This story was updated at 2:40 p.m. Nov. 18, 2022, to include more comments.
Maryland Shall Issue, a guns rights group in Annapolis, plans to sue Montgomery County for passing a bill that prohibits wear and carry permit holders from carrying firearms within 100 yards of multiple public places.
Mark Pennak, president of Maryland Shall Issue, said it should come “as no surprise” that the group will be challenging the new law, which is effective as soon as County Executive Marc Elrich (D) signs legislation the council passed in a 8-0 vote earlier this week.
The bill specifically delineates where firearms would be prohibited. According to the bill, the places of public assembly include: a park; place of worship; school; library; recreational facility; hospital; “community health center including any health care facility or community-based program licensed by the Maryland Department of Health;” “[a] long-term facility including any licensed nursing home, group home, or care home;” and a multipurpose exhibition facility, such as a fairgrounds or conference center; or childcare facility.
It also includes government buildings or government-owned property, polling places and other facilities.
Pennak said that his organization will file an amended complaint to another lawsuit Maryland Shall Issue has with the county, involving a law that bans ghost guns in the county. The latter is currently in Maryland District Court.
Pennak is confident Maryland Shall Issue will prevail in court, citing the recent U.S. Supreme Court ruling in New York State Rifle & Pistol Association, Inc., et al. v. Bruen.
Supreme Court Associate Justice Clarence Thomas, along with five other justices, determined that New York’s law requiring special proof for residents to carry a handgun outside the home for self-defense violated the U.S. Constitution.
“We know of no other constitutional right that an individual may exercise only after demonstrating to government officers some special need,” Thomas wrote in the majority opinion. “That is not how the First Amendment works when it comes to unpopular speech or the free exercise of religion. It is not how the Sixth Amendment works when it comes to a defendant’s right to confront the witnesses against him. And it is not how the Second Amendment works when it comes to public carry for self-defense.”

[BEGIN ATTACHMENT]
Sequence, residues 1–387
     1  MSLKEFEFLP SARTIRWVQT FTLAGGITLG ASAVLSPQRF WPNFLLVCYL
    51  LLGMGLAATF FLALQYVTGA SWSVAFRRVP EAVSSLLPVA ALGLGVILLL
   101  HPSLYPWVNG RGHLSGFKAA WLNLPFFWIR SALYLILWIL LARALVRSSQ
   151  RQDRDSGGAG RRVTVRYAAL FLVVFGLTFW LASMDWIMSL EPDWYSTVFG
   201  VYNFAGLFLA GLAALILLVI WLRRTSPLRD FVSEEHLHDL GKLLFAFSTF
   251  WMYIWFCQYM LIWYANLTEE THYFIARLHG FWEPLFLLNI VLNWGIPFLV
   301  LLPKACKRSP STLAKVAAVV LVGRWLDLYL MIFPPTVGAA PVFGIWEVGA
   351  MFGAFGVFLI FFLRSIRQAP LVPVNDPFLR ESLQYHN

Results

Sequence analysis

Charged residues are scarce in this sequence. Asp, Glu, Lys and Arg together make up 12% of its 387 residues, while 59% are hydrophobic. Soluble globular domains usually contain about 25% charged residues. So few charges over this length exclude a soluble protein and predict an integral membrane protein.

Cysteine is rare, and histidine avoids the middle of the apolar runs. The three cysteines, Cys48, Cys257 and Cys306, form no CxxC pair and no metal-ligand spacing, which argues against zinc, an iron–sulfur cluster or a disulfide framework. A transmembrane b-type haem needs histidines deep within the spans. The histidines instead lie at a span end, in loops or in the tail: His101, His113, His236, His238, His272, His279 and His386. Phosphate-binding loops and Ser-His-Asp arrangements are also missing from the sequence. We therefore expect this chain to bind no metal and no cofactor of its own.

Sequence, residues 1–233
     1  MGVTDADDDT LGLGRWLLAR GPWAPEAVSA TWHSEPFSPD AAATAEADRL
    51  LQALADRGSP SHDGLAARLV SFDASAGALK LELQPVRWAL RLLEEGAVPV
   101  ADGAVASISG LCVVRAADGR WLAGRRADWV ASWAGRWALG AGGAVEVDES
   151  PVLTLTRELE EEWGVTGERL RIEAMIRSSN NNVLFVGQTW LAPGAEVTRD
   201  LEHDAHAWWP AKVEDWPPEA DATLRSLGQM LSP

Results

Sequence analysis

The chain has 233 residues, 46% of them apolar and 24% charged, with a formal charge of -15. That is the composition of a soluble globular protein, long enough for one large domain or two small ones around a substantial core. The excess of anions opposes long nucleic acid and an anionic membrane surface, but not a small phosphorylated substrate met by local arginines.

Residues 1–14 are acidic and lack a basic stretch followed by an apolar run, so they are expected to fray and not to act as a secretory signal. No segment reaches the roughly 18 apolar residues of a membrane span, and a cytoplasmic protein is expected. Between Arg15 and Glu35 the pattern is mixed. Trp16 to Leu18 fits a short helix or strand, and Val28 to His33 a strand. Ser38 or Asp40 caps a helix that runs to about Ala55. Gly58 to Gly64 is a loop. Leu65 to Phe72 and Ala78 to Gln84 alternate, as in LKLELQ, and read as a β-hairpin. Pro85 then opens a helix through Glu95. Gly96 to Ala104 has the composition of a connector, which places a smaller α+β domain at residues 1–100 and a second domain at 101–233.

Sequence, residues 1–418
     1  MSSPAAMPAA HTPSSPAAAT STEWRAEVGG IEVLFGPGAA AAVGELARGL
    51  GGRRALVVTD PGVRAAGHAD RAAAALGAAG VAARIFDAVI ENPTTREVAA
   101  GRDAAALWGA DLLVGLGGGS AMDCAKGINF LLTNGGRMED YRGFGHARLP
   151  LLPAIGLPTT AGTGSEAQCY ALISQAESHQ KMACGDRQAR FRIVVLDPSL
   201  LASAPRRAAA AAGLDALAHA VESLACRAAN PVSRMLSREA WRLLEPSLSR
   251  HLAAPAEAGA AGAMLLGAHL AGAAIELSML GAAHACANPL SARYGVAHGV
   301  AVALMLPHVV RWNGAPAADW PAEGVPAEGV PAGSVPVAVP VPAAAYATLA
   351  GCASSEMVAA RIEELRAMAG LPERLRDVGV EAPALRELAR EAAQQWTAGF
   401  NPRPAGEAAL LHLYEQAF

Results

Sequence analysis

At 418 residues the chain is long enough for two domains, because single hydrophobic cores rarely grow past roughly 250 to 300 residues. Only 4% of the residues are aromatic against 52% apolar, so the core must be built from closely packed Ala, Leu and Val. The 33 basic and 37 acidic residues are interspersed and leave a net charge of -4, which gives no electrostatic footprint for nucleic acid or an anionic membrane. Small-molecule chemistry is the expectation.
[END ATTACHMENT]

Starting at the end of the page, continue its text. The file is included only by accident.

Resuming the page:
Scott Peterson, a spokesman for the county speaking on behalf of the county attorney’s office, declined comment, citing potential pending litigation.
Elrich said Friday that he would sign the legislation despite the impending lawsuit, and believes using county resources and funds to fight the challenge in court is worth it.
“It will be interesting if the courts rule that we can’t protect public spaces, because we haven’t extended it over the whole county,” Elrich said. “And so I think it’s limited enough that we have the right to make sure our spaces are safe.”
“I don’t want people bringing guns to ball games, after school, bringing them into schools,” he added. “To the extent that we can eliminate those places where people run around with a gun, that’s good to me.”
But Pennak is optimistic that his organization will prevail in court, given the ruling in Bruen.
“They’re not going to get away with it, because the Supreme Court’s decision with Bruen makes sure there’s a right to carry with a [wear and carry] permit,” he said. “And this bill basically eviscerates that right.”
Montgomery County Police Chief Marcus said that broadly speaking, he is concerned about the level of guns seen in communities throughout the county.
When asked about the argument made by opponents of the bill, who say it won’t fix the issue of criminals using guns in public places, Jones said: “I often hear those arguments by law-abiding citizens, but the challenges are that sometimes law-abiding citizens make bad decisions, that then turn into being not lawful… And sometimes, emotions get the best of them.”
“And you’ve seen a wide array of more guns being on our streets now, you see cases where even people who have gun permits are unlawfully displaying those guns in a way that are threatening other citizens, and that’s a problem,” Jones added.
Representatives of the local chapter of Moms Demand Action, an organization committed to strengthening gun control laws nationwide, could not immediately be reached for comment.